Soundproof your home
Noise pollution, for many, is ever-present: traffic, aircraft, trains and noisy neighbours can all ruin a family’s enjoyment of their property.
Soundproofing your home well involves substantial work, so is probably best undertaken when you’re refurbishing your property or before you move in. There are specialist soundproofing companies, but they tend to be very expensive.
If you use this guide, you should be able to work with a competent builder to achieve excellent results.
The downside of soundproofing walls is that you will lose space as you have to install a secondary dry lined partition wall. Five centimetres is about as little you can lose while still significantly reducing noise levels.
The secondary wall should be made from metal resilient furring channels, soundproof plasterboard and other soundproofing materials.
Furring channels are special metal dry lining frames designed to minimise sound transmission. They do this by having minimal contact with the existing wall.
Screw/nail resilient furring channels to your existing wall.
Glue polyester sound absorber sheets to the wall. Note: they have to be thinner than the furring channel, as you do not want them pressing against the new plasterboard.
Fix the first layer of soundproof plasterboard to the furring channel.
Fill the gaps between the plasterboard.
Glue a layer of visco-elastic membrane to the existing new plasterboard.
Fit a final layer of soundproof plasterboard.
Skim and make good (e.g. replace the skirting board).
The most common way to soundproof windows is to add secondary glazing. This sits inside the existing glazing, creating an airspace to deaden noise, and acts to reduce the noise itself. The downside is that they can look quite ugly and restrict access to the window ledge.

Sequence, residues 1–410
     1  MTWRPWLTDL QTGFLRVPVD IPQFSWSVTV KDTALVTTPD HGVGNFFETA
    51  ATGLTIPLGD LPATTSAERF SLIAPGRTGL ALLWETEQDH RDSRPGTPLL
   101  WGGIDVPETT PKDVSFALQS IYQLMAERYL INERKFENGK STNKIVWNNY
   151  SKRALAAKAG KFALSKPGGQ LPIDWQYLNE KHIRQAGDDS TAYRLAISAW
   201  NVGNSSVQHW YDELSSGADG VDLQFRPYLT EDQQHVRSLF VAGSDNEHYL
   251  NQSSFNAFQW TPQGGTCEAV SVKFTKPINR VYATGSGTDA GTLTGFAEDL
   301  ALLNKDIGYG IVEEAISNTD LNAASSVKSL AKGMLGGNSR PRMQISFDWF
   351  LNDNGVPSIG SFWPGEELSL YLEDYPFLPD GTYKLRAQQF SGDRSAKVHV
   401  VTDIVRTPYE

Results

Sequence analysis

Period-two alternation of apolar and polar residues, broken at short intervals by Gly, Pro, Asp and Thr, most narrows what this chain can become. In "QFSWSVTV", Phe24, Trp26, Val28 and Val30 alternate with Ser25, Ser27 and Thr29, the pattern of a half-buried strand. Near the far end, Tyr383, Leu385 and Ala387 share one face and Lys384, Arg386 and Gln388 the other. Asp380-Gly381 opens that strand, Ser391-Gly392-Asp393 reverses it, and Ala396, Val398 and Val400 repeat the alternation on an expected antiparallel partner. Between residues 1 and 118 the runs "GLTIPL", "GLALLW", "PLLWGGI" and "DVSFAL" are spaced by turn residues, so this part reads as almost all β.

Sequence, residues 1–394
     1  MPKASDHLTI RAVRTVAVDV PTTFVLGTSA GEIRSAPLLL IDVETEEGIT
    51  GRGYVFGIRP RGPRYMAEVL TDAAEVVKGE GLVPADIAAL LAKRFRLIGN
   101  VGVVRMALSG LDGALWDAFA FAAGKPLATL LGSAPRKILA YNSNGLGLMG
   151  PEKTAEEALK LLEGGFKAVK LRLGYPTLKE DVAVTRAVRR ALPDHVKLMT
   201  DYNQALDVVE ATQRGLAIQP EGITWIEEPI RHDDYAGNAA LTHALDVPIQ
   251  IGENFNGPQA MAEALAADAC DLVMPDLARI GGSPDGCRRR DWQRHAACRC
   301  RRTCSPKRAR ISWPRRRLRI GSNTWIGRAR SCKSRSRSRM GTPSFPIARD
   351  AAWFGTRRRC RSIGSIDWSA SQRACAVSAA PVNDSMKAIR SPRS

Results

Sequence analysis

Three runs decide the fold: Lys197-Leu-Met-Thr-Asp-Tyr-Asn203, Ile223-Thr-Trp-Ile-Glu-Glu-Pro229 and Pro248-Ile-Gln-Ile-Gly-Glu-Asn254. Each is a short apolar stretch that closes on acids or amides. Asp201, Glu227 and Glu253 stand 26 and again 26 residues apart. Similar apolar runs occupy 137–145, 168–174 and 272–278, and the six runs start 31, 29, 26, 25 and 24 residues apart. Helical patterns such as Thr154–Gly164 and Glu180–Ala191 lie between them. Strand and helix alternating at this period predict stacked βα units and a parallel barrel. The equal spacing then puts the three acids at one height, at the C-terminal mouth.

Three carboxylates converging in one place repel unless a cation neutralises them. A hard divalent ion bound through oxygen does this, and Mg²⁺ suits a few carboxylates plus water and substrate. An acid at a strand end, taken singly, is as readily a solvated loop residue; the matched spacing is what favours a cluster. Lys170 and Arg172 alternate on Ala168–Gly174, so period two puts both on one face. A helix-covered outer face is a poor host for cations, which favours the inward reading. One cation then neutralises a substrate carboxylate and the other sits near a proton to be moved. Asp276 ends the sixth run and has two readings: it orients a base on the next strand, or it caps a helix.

Another option is to replace your existing windows with double-glazing.
Ask your manufacturer about soundproof units. Most will recommend ones that use different types of “glass” for each pane. For example, 8mm glass on the outer pane and 10mm laminated glass on the inner pane.
Using different materials interrupts the sound waves as they pass through the window; different thickness aids this process too. Most manufacturers recommend an air gap of more than 15mm.
It’s also crucial that the windows are sealed properly. Use window frame sealant on the outside to fill any gaps. On the inside, often the edges of windows will have been made good using plasterboard, and filled with foam fill. If there are gaps, you can fill these using soundproof expanding foam.
If you don’t want to go the extra mile and you just need to reduce the noise a bit, you can use a soundproof curtain.